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Offender Reentry

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April 13, 2017
Mark A. Sherman, Kathryn N. Nester, Maureen Scott Franco

Holistic defense is also called community-oriented defense, therapeutic defense, or holistic advocacy. Whatever the name, its purpose is to solve underlying social and environmental problems that may have contributed to an individual's involvement in crime. It does this by emphasizing teamwork, partnerships with other criminal justice stakeholders, and identification and mitigation of collateral consequences. By doing this, defense attorneys hope to improve public safety by helping clients avoid involvement in the criminal justice system and reducing recidivism.

February 1, 2013
Barbara Meierhoefer, Patricia D. Breen

This report presents the results of the Federal Judicial Center's retrospective process-descriptive study of judge-involved supervision programs for offenders in the federal courts. It is part of a larger research effort to investigate how programs modeled on state and local drug and reentry court programs operate in the federal system. This report does not evaluate these programs, but describes the population served, the services provided, and, through official data, how the participants fared when compared with a group of similar offenders who were not in a program.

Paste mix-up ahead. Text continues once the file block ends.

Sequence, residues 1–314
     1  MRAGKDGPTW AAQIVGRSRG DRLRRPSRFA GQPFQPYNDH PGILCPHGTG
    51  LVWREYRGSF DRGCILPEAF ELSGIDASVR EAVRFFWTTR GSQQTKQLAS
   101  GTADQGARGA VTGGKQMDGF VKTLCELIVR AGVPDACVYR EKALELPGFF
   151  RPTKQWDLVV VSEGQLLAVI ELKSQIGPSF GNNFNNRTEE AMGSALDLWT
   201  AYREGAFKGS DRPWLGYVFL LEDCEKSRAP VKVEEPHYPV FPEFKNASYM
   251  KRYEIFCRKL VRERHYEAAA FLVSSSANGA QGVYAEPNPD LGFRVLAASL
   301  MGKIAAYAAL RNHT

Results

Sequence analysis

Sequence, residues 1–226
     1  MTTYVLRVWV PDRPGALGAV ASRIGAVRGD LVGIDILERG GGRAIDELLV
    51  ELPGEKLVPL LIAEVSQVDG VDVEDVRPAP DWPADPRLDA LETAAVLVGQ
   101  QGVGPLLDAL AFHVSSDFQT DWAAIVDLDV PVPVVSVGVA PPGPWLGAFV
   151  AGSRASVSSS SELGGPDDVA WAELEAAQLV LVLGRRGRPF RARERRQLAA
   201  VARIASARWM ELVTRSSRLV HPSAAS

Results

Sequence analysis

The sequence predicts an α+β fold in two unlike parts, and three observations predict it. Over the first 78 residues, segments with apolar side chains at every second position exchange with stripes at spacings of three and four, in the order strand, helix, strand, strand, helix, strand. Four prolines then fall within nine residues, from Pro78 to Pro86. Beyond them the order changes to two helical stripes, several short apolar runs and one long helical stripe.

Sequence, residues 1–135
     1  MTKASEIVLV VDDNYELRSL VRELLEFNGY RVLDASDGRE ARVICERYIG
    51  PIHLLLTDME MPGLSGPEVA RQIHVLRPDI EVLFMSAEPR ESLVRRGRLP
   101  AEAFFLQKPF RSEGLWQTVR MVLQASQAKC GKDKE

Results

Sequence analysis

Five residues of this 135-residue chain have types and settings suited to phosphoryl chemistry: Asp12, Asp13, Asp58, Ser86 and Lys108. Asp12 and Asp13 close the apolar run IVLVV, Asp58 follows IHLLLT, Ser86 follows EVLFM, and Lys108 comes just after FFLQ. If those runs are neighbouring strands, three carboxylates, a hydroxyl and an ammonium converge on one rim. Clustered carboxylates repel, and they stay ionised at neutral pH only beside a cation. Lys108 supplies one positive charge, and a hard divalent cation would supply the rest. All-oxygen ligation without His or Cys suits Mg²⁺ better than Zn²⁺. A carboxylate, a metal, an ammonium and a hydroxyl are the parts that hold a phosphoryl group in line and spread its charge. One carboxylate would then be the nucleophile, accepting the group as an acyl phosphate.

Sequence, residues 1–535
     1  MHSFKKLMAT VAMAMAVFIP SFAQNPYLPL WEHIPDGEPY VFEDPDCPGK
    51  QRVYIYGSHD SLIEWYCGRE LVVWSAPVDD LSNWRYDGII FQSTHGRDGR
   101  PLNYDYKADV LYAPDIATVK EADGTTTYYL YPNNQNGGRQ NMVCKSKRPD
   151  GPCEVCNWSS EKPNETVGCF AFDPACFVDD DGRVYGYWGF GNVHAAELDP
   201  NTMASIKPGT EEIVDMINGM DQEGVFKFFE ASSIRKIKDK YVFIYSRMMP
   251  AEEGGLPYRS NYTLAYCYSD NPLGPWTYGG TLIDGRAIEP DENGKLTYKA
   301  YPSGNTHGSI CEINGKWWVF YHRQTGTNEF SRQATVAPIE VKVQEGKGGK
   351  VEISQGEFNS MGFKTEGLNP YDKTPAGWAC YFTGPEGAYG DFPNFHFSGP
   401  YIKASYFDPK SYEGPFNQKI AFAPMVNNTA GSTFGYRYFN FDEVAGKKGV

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January 1, 2000
Mark A. Sherman

Discusses the increasing number of defendants and offenders in the federal criminal justice system with limited job skills and education. It includes a supervision model for this population and highlights literacy and cognitive skills assessment, referral and coordination of services, and relevant BOP educational and employment programs. In-house job assistance and life-skills programs in federal districts, ways to overcome resistance to supervision, and ways of mitigating life skills-related conflict are discussed.

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January 1, 1984
James B. Eaglin

The preliminary report of the Center's multiphase effort to document the effects of the Probation Division's aftercare program for drug-dependent federal offenders. The author reviews the operation of the program in a sample of ten probation districts. He describes the program's general approach; various characteristics of offenders in the program; services planned for and received by offenders; and adjustment experiences of offenders in aftercare, including resumed or continued drug use, new arrests and convictions, and technical violations.

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